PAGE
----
Research topic: The Middle Ages
In a Europe context the Middle Ages extend from the fall of the Roman Empire at the end of the 5th century AD to approximately 1500, the era of discovery and the Reformation.
In contrast to several of the other terms used by historians to describe periods in history, the Middle Ages also formed an epoch in other histories than that of Europe. The period around 1500 is also a significant watershed in the histories of Islam and of South-East Asia, with the consolidation of large, well-developed kingdoms.
In Europe, however, the Middle Ages were not dominated by the existence of large kingdoms. Economically the period was characterised by agriculture and a subsistence economy. Only a small proportion of the population lived in towns. The process that made the strongest impression on the European Middle Ages was Christianisation, particularly during the period up until the 11th century. The coming of the church and Christian doctrine brought new ideas and rules that gradually came to control people's lives from the cradle to the grave. The church was responsible for all education during this period and the present-day university system has its roots in mediaeval universities.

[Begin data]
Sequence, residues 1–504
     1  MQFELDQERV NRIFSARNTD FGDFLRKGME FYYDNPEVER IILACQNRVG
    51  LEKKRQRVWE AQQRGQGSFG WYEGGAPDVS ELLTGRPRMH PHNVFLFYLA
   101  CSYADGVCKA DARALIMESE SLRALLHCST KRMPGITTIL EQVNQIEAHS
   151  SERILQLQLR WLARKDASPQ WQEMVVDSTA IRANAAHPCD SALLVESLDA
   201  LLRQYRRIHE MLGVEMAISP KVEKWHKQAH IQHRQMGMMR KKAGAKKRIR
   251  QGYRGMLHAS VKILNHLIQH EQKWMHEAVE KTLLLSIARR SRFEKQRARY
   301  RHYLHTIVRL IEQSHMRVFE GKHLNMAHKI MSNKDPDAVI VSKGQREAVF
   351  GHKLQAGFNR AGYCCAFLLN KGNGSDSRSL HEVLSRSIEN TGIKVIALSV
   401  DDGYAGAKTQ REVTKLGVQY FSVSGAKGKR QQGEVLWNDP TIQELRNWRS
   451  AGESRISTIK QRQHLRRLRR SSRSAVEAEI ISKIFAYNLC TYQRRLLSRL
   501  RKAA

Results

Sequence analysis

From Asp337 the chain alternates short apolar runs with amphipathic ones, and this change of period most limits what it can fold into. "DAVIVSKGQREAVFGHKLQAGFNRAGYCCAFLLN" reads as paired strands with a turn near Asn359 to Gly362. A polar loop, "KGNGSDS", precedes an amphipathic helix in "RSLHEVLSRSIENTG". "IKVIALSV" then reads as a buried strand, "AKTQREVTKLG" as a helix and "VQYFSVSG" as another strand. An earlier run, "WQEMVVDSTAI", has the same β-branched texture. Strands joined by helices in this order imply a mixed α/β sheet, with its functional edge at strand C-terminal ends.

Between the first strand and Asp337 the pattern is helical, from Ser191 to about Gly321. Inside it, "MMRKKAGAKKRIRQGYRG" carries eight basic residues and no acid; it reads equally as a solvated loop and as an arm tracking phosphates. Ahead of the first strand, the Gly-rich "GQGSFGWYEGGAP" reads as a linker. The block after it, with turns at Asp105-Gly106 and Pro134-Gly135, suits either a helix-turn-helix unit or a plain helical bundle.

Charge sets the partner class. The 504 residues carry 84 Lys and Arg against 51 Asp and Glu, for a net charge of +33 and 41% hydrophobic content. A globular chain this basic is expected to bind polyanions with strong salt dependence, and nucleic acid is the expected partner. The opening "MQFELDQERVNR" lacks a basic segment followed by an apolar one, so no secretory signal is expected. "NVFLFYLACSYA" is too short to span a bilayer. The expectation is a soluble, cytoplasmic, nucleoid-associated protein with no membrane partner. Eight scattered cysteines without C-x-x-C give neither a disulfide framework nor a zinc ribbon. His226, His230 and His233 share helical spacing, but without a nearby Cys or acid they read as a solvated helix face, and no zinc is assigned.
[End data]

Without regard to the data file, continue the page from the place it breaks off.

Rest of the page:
The whole period was characterised by wars and conflicts such as, for example, the Viking raids, the Crusades and the Hundred Years' War (1337-1453). For most people, war and plundering were part of everyday life. Despite these wars and a high death rate, the period up until about 1300 was characterised by an increase in population and economic growth.
However the Black Death in the mid-14th century, which carried off more than half of Europe's population, had enormous economic and social consequences and strongly affected societal developments until about 1500.